2:03 AM: Fall asleep, hiding under the sheets.

(Repeat until about 6:00 AM).

The Food Schedule

This is slightly easier to transition into, because schools know that while you can survive up to nine months with minimal breaks on blinks, you can’t make it nine months without food.

Therefore, you really just need to get used to only eating at lunchtime. This sounds easy, but it is still a challenge. After all, you must cut out your after breakfast snack, your early morning snack, your mid-morning snack, your dessert for your mid-morning snack, your late morning snack, your last snack before you really eat lunch, and the bites you nibble while making lunch.

Easy ways to avoid constant snacking include occupying yourself with other things, such as your hunger; keeping your mind off food, by doing something like reading a recipe book; and drinking lots of water to fill your stomach. However, you probably shouldn’t drink too much water, because of something called:

The Bathroom Schedule

Bathrooms are also one of those things schools figure that you really need to make it until next summer. However, they limit the time you can go to the bathroom, which is vastly different from your summer schedule.

Over the summer, since you can use the bathroom whenever you want, you might use it once or twice a month*. During school, though, because you are only allowed to use it at certain times, you feel a slight need to use it at least every other break, just in case, leading to 4,558 trips to the bathroom a day.

*This is a gross exaggeration; do not try to only use the bathroom once or twice a month. However, it is not a gross gross exaggeration. That would be something like “you only go to the bathroom once or twice a month for 6 hours at a time, nonstop, as everything leaves your body faster than a skydiver leaving a plane with a bad song playing on it’s stereo.”

To adequately prepare yourself, you should roll a die twice right after you wake up in the morning (at 6:00 AM, after a terrible night’s sleep). You’ll have time to do it when you’d normally be eating your early morning snack. Then, take the two numbers and place them next to each other.

So, if you rolled a 3 and a 5, this means you must limit yourself to using the bathroom during times of :35, like 9:35. If you roll one 6, make it the second number. If you roll two sixes, that’s just too bad. Looks like your bathrooms are fictionally out of order for the entire day.

Looking back at these things, you might want to laugh. Waking up and pretending to worry? Not eating your 6 vital morning snacks? Rolling dice to see when you can use the bathroom?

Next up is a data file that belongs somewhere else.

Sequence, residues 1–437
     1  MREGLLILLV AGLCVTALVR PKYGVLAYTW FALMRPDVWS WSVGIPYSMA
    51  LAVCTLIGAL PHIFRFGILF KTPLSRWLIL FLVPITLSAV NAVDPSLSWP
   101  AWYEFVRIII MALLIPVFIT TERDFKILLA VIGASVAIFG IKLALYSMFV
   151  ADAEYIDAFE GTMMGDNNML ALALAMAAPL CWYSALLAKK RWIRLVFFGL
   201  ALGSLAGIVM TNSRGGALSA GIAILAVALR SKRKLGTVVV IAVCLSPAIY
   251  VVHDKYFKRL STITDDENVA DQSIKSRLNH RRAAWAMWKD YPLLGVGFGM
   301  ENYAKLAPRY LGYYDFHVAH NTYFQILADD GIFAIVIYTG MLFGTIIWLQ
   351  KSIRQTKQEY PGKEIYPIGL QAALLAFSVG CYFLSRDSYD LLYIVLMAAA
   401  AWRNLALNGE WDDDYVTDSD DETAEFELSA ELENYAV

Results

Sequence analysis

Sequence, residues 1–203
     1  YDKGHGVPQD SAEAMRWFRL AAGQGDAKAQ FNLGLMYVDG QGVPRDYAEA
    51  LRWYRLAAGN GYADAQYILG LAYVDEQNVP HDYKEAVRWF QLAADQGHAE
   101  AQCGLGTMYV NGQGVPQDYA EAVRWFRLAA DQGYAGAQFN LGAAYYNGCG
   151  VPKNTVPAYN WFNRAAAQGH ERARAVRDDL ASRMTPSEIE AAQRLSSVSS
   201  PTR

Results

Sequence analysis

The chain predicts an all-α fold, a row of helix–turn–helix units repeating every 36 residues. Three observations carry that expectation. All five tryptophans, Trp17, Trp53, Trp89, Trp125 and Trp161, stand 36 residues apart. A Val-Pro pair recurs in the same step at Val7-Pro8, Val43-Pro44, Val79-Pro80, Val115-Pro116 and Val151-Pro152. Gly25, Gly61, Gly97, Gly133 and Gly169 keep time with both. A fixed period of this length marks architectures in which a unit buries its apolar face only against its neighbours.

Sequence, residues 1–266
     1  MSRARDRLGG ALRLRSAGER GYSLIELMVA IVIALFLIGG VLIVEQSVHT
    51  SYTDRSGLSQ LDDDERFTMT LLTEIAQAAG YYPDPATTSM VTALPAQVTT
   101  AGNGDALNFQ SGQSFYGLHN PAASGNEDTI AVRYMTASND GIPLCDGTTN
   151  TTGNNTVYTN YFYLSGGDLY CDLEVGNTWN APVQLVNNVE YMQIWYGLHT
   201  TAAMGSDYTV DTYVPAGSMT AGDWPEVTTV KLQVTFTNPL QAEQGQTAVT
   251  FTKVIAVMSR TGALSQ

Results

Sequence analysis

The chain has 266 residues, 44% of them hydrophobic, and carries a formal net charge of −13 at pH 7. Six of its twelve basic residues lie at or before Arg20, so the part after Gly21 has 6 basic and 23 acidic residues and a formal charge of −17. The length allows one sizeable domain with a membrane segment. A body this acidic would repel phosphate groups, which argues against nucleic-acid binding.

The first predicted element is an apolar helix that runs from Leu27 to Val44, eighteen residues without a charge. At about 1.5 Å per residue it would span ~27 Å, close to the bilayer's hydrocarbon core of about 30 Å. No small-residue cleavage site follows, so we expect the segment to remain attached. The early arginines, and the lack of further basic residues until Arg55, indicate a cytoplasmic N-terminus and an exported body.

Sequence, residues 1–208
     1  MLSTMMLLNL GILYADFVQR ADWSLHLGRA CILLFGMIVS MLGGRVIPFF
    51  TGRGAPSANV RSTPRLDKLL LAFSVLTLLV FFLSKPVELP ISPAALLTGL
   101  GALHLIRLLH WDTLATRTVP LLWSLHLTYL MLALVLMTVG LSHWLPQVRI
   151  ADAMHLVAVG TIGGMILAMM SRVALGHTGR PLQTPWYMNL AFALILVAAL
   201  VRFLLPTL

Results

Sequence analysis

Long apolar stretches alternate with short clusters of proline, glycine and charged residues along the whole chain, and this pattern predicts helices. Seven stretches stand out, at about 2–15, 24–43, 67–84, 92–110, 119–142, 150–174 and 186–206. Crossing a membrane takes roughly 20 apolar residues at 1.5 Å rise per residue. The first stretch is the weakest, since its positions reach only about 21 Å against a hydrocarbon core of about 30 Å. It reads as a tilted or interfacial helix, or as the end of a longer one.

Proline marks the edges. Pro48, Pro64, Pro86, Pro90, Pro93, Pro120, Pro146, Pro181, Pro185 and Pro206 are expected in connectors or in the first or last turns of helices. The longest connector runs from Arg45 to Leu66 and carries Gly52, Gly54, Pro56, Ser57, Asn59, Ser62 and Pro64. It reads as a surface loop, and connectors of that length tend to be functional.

You can laugh, but there’s really no reason to. After all, school starts soon. And these actions are as small as your brain when compared the large changes that school will bring. Now if you’ll excuse me, I have to go negotiate with my heart and intestine for another eight months of mutual cooperation.

Last year at this time we covered the terror known as athletic clearance with “Are You Athletically Cleared?” If you are alive, and are not bleeding, throwing up, or getting married right now, I strongly suggest you read it.

Also, I’ve got a few questions for you guys as we head back into the school year (feel free to reply in the comments or by emailing us):

1) Would you rather see a long post 1-2 times a week, or a shorter post 2-3 times a week? If shorter, how short?

2) Can you see the pictures that accompany the posts? I received a note from one reader that they were having trouble doing so, and I’d hate it for you to be missing out. If you are having troubles, email me and we can try to work it out. (There’s no need for this if you can see the pictures, just if you’re having a problem).

The Only Guide to Class Syllabi that You’ll Ever Need

An Old Syllabus from the 1400sBecause school is a cycle of never-ending work, you know that finals (AHHH!), or Rowndiau Terfynol, don’t mean you’ve finally reached the end.

You can think of it this way: every semester, you learn a little more, which you are then tested on in the final. Finals are also cumulative (for instance, you need 4th grade math, such as addition, to be able to do well on your high school math finals). Therefore, every finals test week is harder than the one before.